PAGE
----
Fierdsvain forces took up a strong defensive position on a hill near the village of Kulum, hoping to neutralize the advantage in missile troops and cavalry enjoyed by the forces of Sarleon. In response, Meredain brought up her archers to engage the Fierdsvain's superior infantry. After being under fire for fifteen minutes without the ability to respond, the infantry charged (apparently without orders). Meredain skillfully pulled the archers back behind her footsoldiers and, once the two infantry formations were engaged, charged her cavalry home into the exposed right flank of the Fierdsvain infantry. Unaccustomed to the shock of a heavy cavalry charge, the formation shattered, and many of these normally stalwart warriors broke and ran. While the cavalry hunted down the fleeing footmen, the Sarleon infantry advanced again, now under the personal control of the Lady Marshall.

The state of confusion was such among the Fierdsvain ranks that the Sarleon infantry was able to reach Valdis's cavalry reserve before the order to attack could be given. Caught standing still in formation, the cavalry were desperately vulnerable to the halberds and maces of Murcatto's troops. By early afternoon, the day was clearly lost for the Fierdsvain. The Lady Valkyries rallied around Valdis and tried to escort him from the field, but, to his credit, he refused to flee while his men were still engaged. At least one eyewitness claims that he was felled in the final assault by an arrow shot by the duchess personally. The wound was not fatal, but he was knocked from his horse and captured. Casualties among the Fierdsvain were horrific – barely two hundred survived to be captured or escape. Seven lords, including the Koningur himself, were captured, and three fled the field. With the majority of Fierdsvain manpower dead or in flight, Javiksholm fell with barely a whimper on September 1st.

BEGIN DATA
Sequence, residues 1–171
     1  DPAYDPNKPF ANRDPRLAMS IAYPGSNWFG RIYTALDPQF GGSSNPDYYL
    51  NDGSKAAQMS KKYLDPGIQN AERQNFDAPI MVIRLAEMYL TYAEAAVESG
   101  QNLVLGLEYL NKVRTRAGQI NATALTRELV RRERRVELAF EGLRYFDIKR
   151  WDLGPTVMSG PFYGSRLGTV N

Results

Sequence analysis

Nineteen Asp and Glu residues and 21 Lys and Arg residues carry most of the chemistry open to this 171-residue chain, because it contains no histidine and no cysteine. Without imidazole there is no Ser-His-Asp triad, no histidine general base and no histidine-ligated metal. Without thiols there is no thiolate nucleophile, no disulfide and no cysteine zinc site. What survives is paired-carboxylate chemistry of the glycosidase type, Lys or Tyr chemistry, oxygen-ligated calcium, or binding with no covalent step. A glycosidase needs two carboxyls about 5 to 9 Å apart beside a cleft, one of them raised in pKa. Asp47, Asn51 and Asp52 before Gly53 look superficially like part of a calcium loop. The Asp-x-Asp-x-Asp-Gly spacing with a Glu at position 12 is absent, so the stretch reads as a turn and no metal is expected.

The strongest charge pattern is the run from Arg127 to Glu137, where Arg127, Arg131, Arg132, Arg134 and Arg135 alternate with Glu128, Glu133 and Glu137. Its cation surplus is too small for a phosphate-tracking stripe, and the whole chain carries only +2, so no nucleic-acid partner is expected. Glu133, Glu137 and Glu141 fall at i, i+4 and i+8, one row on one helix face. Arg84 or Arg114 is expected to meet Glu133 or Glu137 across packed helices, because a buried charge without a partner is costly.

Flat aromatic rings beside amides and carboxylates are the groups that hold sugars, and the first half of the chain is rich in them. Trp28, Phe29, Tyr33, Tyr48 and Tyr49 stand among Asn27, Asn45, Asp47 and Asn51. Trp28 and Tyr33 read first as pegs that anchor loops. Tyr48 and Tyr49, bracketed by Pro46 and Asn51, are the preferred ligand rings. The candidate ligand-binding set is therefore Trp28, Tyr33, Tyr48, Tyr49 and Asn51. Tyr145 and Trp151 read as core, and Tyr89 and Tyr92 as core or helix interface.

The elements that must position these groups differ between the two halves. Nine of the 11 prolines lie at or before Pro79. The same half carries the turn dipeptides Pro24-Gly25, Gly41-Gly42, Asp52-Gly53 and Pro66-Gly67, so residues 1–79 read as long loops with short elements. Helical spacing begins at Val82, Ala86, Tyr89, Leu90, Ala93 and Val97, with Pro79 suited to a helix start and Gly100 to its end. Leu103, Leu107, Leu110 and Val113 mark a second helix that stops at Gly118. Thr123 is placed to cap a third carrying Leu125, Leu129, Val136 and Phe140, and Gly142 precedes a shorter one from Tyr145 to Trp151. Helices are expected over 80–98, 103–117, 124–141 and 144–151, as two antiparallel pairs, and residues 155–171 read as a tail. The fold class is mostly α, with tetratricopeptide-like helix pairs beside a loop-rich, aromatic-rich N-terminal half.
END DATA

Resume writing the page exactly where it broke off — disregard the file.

Chapter IX: The Fate of a Kingdom

November - December, 345 FFP

Leaving Duke Brennus in temporary command of the castle, Meredain gathered the host and pushed onward towards Windholm and absolute victory, when the unthinkable happened again. A peremptory summons from King Ulric demanded the presence of all of his lords at a banquet in honor of their great victory, to be held at Sarleon. Once again, King Ulric's political and social ambitions had derailed Murcatto's attempt to reunify Pendor under the banner of Sarleon. There is a popular legend, told in the east to this day, that the famous "splintered door" of Javiksholm Keep was the product of Meredain's reaction to this news. While certainly an entertaining story, such an action seems out of character for the woman once famously (or perhaps infamously) described by a Ravenstern ambassador as having "all the warmth and passion of a Mystmountain lake in midwinter." Ansen of Avendor, her onetime squire and longtime friend, tells us that she read the letter without visible emotion, crumpled it in her fist, and left the audience hall immediately, and this does seem a more credible story, especially given the source.

There is an interesting, and possibly noteworthy delay of several days between when she received the letter and when preparations seem to have begun to depart Javiksholm. It is possible that she was already coming to terms with the realization that she could not rely upon King Ulric to bear the responsibilities of a serious attempt at reunifying Pendor. It is equally possible that she had long since decided on her eventual course, and was simply pondering whether or not to put the long held plan into action. The banquet was uneventful, although later biographers and historians have labored to identify some sign of the coming storm in contemporary sources. That no such obvious warnings appear in the chronicles or accounts of the day suggest that either Meredain was playing her cards very close to the chest indeed, or that she had not yet finally determined to break with Ulric.